Wall of historic Maryville building to be repaired
By Iva Butler | (email@example.com)
Work should start this week on repairing the wall on the northeast side of the historic National School Products building in downtown Maryville.
The Downtown Design Review Board approved the plans Wednesday.
The wall is 165 feet wide, and the height varies, averaging 30 to 40 feet.
The building, located at 101 E. Broadway Ave., is owned by John Nowell of Maryville, who now operates National School Products from 1523 Old Niles Ferry Road, Maryville.
The three-story building, currently used by Nowell for storage, is bordered by East Broadway Avenue, Cusick Street, East Harper Avenue and the former Meares building, which is currently being renovated.
Maryville Development Services Director John Jagger said “there is a lot of flaking paint and spalling of the brick face.
“While there is no evidence that this wall is currently in danger of failing like the southwest wall did a few years ago, it is in poor condition and needs attention to forestall future problems.”
A large section of the brick facade on the southwest side of the building bordering Cusick Street collapsed the night of Jan. 1, 2009.
The former Meares building is now owned by Randy Elliott. Repairing the wall would benefit both Nowell and Elliott “by eliminating the nuisance/danger of flaking paint and brick faces falling. It would also remove a major eyesore from the downtown area,” Jagger said.
A third building was previously located beside the Nowell building, which the city earlier tore down.
Elliott wants to build a 60-foot addition in the middle of the empty space fronting East Harper Avenue, and this would make it more difficult for Nowell to get to the wall.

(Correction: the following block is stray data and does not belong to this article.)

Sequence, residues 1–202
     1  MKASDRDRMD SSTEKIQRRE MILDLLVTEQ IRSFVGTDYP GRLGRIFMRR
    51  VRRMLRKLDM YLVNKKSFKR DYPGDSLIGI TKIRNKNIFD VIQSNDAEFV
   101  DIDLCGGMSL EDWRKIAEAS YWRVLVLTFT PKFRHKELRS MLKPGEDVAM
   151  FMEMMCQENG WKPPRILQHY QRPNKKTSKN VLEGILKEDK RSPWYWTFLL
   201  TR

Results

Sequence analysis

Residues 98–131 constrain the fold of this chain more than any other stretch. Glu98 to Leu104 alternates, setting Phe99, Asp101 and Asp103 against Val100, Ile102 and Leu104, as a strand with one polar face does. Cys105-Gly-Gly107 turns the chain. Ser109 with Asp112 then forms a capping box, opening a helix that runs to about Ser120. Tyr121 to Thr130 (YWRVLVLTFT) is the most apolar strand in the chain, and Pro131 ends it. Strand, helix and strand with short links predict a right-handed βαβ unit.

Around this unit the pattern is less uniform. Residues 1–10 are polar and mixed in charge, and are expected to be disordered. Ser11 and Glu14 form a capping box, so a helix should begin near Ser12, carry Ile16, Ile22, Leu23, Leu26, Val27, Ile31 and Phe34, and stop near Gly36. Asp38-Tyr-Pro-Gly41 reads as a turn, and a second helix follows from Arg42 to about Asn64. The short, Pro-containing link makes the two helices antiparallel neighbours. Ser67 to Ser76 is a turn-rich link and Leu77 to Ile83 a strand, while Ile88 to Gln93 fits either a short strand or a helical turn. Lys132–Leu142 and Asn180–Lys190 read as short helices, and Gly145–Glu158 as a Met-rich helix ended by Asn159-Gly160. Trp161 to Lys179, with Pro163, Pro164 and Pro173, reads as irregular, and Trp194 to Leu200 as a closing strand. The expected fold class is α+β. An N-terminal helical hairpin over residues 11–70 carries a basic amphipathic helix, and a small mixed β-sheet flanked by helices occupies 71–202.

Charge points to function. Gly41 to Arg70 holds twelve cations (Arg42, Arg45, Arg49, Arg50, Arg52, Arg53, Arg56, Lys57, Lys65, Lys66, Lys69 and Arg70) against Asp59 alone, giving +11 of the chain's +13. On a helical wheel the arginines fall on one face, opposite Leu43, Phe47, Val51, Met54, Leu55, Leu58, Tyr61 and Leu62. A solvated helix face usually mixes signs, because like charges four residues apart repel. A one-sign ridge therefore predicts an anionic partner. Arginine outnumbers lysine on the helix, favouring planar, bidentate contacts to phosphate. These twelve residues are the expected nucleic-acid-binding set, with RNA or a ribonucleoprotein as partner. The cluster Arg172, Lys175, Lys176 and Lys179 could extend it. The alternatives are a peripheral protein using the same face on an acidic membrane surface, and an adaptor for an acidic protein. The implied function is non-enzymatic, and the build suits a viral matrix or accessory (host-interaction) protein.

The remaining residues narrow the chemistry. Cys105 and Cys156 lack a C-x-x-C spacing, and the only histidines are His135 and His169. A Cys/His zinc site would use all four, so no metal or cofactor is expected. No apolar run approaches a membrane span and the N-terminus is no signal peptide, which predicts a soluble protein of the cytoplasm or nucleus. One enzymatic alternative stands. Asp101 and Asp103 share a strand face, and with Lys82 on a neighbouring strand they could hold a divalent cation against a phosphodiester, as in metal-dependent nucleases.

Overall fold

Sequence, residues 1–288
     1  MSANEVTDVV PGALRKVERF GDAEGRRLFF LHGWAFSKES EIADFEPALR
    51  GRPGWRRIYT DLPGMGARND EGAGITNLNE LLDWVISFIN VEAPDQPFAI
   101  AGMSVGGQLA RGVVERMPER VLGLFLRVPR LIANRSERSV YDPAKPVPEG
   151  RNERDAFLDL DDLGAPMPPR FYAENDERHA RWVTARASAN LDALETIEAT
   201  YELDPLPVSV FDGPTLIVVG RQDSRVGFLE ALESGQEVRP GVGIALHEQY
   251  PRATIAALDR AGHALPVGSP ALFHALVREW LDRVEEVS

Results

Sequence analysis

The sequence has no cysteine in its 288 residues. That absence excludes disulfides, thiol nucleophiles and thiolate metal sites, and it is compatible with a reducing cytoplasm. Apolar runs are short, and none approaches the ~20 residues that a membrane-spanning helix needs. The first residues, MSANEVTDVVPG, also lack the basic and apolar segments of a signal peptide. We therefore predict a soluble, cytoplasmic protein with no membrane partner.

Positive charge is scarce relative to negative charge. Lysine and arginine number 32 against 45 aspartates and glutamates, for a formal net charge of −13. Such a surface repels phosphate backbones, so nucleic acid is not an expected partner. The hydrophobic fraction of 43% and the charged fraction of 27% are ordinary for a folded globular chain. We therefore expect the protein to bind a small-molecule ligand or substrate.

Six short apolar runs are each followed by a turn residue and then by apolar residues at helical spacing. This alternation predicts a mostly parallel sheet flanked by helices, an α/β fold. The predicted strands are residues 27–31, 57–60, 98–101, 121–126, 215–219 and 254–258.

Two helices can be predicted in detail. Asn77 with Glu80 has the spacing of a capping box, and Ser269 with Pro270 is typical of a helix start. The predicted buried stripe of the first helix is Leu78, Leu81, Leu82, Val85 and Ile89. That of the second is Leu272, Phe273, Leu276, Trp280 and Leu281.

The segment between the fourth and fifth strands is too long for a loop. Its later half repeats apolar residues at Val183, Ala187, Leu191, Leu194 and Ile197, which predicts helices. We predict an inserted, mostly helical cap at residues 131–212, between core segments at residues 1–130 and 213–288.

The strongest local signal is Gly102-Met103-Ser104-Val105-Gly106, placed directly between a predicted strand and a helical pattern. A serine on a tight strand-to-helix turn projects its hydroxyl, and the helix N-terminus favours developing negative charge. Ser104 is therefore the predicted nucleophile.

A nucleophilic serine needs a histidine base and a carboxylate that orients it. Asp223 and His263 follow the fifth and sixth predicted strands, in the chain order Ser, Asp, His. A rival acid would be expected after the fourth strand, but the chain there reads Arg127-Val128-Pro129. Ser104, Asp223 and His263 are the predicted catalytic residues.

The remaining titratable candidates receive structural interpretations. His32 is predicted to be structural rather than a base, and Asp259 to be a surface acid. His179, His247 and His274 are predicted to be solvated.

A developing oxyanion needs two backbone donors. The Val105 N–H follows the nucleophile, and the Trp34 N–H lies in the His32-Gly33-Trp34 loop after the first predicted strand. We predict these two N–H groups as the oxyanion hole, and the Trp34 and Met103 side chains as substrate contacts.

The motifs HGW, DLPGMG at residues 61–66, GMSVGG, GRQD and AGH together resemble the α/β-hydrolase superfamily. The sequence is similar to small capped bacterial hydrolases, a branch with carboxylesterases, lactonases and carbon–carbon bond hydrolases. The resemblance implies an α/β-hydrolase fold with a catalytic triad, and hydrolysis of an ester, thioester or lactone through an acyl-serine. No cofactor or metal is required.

Tim Salley, who is doing the renovation for Elliott, said the plan is to maintain a courtyard on the front of the building and add a second in the back facing Harper.
He started the renovation work around Christmas on the roof and has since brought the stairs up to codes, built a new storefront and other renovations, including painting the outside brick face an adobe color.
Planned for commercial use, the building already has its first tenant. Leanne Thomas held an open house for MasterPeace Yoga Friday night. The business is located on the third floor.
Nowell plans to hire Salley to pressure wash the northeast wall of National School Products to remove any loose brick faces and paint. Permacrete, which is a high-concrete-based product that can be tooled to replicate the brick pattern, will be used to rebuild the few spots where the brick is either missing or significantly eroded.
Small ventilation openings at the base will be rebricked, but a former window near the top will be recessed brick to maintain the appearance of a window from the ground.
Then a heavy duty sealant will be applied to the entire wall. It is believed that the southwest wall failed because of moisture infiltration, Jagger said.
The wall will then be painted gray to match the rest of the building.
It would have been better if the wall had been maintained over the years and not painted.
“The wall has experienced significant deterioration and has been painted for many years, according to Jagger.
Other downtown changes
One more downtown building is scheduled to be vacated in August. The Tomato Head Restaurant is moving to Bearden.
Building owner Mike Owens said he has not given any thought to new tenants, but is “sure it will stay a restaurant. We’ll just rent it.”
He formerly operated the Soup Kitchen at that site.
Jeff and Kristy Morton, of Knoxville, purchased the former Tommy Covington building at 111 W. Broadway Ave. beside First Tennessee Bank.
The structure has been renovated and is ready for commercial clients.
Built in 1915, the building contains three stories, with one fronting on West Broadway and the other on West Harper Avenue.
Roy Garrett said he has an option from someone to purchase the large, three-story former Roy’s Record Shop, but does not know the name of the possible buyer or use planned for the building.